Microsoft is moving to close a security loophole in Windows that lets attackers hijack a PC via animated cursors.
Visiting the wrong website could have serious consequences
Malicious hackers are already known to be exploiting the flaw via booby-trapped and compromised websites.
Microsoft usually issues security patches once a month to help users keep their PC safe.
However, the seriousness of the bug has prompted the software company to act early and stifle attempts to exploit the flaw.
The problem started to receive public attention in late March when security firms realised that the way Windows handles animated cursors could be used as a route to take over a PC.
Microsoft said it had decided to issue a patch early because attacks using the vulnerability had increased in intensity and code to exploit the flaw was known to be circulating widely.
McAfee warned that attackers could booby-trap websites with the exploit code and "silently" compromise vulnerable PCs.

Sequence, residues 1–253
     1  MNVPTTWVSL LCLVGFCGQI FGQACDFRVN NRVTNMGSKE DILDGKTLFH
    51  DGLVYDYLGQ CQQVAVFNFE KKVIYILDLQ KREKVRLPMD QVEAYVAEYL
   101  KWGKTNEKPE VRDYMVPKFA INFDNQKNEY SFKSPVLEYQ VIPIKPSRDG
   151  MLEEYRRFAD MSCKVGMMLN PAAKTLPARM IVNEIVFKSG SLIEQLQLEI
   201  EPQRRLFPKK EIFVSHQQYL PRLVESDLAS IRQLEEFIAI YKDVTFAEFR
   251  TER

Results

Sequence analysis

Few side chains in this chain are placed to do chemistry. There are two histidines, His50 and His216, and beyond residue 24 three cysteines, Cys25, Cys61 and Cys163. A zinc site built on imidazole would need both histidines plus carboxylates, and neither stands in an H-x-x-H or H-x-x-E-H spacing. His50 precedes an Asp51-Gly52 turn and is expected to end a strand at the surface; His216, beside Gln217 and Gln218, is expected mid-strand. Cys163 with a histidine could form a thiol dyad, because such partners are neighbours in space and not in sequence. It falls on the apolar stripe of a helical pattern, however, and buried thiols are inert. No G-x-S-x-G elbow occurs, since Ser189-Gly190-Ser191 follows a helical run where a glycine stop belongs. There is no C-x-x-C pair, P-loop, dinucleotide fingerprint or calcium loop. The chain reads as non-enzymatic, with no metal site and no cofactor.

On its Security Response Center blog Microsoft said it had been notified about the flaw in December 2006 and had been working on a fix since then.
The fix was scheduled to be released on 10 April - the next date for Microsoft's regular monthly security update.
"Due to the increased risk to customers from these latest attacks, we were able to expedite our testing to ensure an update is ready for broad distribution sooner than April 10," noted the blog.
PC users will be able to get the fix via Windows automatic update or visit Microsoft itself to download the patch manually.
Users of Windows Vista, XP, 2000 and Server 2003 are potentially vulnerable to the cursor vulnerability.